Meeting Gordon C. Cook, 42nd President of RSTMH
A few weeks ago, I was lucky enough to meet one of our former Presidents, Professor Gordon Charles Cook.
Professor Cook was President of RSTMH from 1993 to 1995 and has been a member since 1961. He is one of our longest serving members and it was a real pleasure to be able to meet him and talk about the Society.
Born in Wimbledon in 1932, he was educated at the Royal Free Hospital School of Medicine in London, graduating as an MD in 1965.
A varied career
A physician with special interest in tropical and infectious diseases, his career took him to be the Chair of Medicine for the Universities of Zambia, Professor of Medicine in Saudi Arabia and Papua New Guinea, as well as doing national service in Nigeria and working as a physician at the Royal Free Hospital and the Hospital for Tropical Diseases – both in London.
He spent part of his career lecturing on many subjects including nineteenth and twentieth century maritime medicine and infections and tropical diseases and at many institutions, including as a visiting Professor at University College London. He has published over 500 articles.
As well as scientific publications, Professor Cook has – to date – written over 30 books. In his late eighties, he continues to write books, aiming at two per year, always on the topics of tropical medicine and wider health issues.
A growing bibliography
He was kind enough to show me a number of his books and talked through the basics of some of these topics. I had recently read his book about the Society’s old building in London, Manson House – named after our first President, Sir Patrick Manson. The book is called, Twenty-six Portland Place, the address of RSTMH’s former home.
Professor Cook also very generously donated a number of his books, which he signed, for us to be able to use as prizes. Most recently, we presented two of his books to the students whose essays were deemed “highly commended” in the 2018 RSTMH Medical Student Essay Competition.
Some of the book titles he donated include Origin of a Medical Specialty: The Seamen’s Hospital Society and Tropical Medicine, Before the Germ Theory and History of Malabsorption in a Warm Environment.
RSTMH in the 1990s
Professor Cook was President during a very interesting time at the Society. There were events on many topics, including snakebite, which was organised by Professor David Warrell. This is a topic that has come to the forefront of our work, particularly last year when we launched in coalition the first International Snakebite Awareness Day.
At the time of Professor Cook’s Presidency, there were local secretaries across many countries, as well as branches in Edinburgh and Cairo. This was interesting to talk to him about, at a time when we are trying to recruit new Country Ambassadors.
There were events about malnutrition, imported disease and trypanosomiasis, which reflect our continued interest in neglected tropical diseases, infectious diseases and non-communicable diseases. This also reflects well the breadth of topics within our new priority areas. There were also partner events on gastroenterology, which fits well with our plans to work more with partners.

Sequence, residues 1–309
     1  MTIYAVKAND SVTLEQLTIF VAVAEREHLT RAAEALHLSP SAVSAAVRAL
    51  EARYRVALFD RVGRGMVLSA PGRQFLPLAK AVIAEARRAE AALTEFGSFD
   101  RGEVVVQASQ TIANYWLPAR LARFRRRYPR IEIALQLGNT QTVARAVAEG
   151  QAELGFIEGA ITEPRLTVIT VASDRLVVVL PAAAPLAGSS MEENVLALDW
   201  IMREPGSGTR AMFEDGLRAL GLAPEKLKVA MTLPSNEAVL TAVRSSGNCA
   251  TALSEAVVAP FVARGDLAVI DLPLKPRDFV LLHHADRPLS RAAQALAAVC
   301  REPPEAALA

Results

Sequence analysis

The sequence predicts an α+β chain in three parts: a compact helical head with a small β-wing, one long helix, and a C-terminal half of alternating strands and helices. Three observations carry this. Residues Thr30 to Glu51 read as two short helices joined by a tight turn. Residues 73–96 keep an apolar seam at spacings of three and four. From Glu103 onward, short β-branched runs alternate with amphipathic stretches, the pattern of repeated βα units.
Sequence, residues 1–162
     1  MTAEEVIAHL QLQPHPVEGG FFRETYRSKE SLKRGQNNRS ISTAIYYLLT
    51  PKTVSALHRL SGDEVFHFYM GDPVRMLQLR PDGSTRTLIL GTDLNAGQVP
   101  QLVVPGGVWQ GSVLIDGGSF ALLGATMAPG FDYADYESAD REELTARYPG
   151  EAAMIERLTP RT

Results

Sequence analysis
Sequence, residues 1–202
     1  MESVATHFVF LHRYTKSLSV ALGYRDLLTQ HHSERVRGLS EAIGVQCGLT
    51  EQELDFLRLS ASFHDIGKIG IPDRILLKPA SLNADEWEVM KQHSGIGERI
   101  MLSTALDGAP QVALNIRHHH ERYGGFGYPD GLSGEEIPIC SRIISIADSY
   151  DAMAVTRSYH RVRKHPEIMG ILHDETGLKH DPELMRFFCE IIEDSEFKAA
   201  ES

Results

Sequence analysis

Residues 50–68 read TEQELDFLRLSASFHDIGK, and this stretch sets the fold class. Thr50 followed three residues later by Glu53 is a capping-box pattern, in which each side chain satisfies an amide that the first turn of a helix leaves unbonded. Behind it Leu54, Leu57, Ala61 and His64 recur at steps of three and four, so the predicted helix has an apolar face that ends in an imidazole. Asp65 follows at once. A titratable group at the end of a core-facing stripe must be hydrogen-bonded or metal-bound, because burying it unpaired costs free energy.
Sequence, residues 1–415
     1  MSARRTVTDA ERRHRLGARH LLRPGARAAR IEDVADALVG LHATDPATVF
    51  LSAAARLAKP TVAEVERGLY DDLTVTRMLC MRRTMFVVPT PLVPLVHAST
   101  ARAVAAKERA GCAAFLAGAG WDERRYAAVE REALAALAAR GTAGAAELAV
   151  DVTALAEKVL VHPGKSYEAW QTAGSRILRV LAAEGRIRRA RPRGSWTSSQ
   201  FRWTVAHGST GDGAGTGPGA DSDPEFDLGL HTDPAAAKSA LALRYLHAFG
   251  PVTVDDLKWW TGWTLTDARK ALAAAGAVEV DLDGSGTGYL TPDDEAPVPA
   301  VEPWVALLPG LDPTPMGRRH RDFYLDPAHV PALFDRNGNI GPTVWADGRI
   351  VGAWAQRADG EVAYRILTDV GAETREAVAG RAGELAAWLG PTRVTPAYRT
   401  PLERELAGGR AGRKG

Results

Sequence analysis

It was reassuring to hear the similarities of our current activities with Professor Cook’s Presidency, for example that the Research in Progress meeting took place and that three of our medals were awarded in 1993 – the Chalmers Medal to Nicholas White, the Donald Mackay Medal to Warren and Gretchen Berggren and the George Macdonald Medal to Tore Gordal.
Fond memories of Manson House
Professor Cook talked about his fond memories of Manson House, the building the Society used to own in central London. He said that dinners at the House enabled discussions on important topics in the field and that it played a very unique role in bringing together people who were exploring new diseases, as well as giving them a chance to discuss their new research. This is something we’ve heard about many times from members and fellows, and we are always thinking of ways that we can maintain that same sense of community when we have a far more dispersed network.
We talked about how the focus of the Society had changed over the decades. In his day, our work focused mainly on the basic science, whereas now it is broader and looks at all stages of the research pipeline and policy work.
The changing discipline of tropical medicine
Professor Cook went on to say that the focus of tropical medicine as a whole has changed in his opinion. Before it was linked to travel medicine, which is now becoming blurred with global health issues. He wondered if maybe the Society should safeguard tropical medicine as a discipline, although we went on to agree that the future of tropical medicine is hard to predict, but it cannot be as narrowly focused as it used to be.
I told him about the plans in our current strategy for more overseas events, more support for early careers researchers, to encourage a wider range of disciplines into our work, and ultimately to be able to deliver more towards the greater goals of eradicating and controlling disease and improving access and equity in health. He was pleased with our plans and said the Society looked to be in good shape, which was a great place to leave our meeting with a sense of achievement as well as food for thought.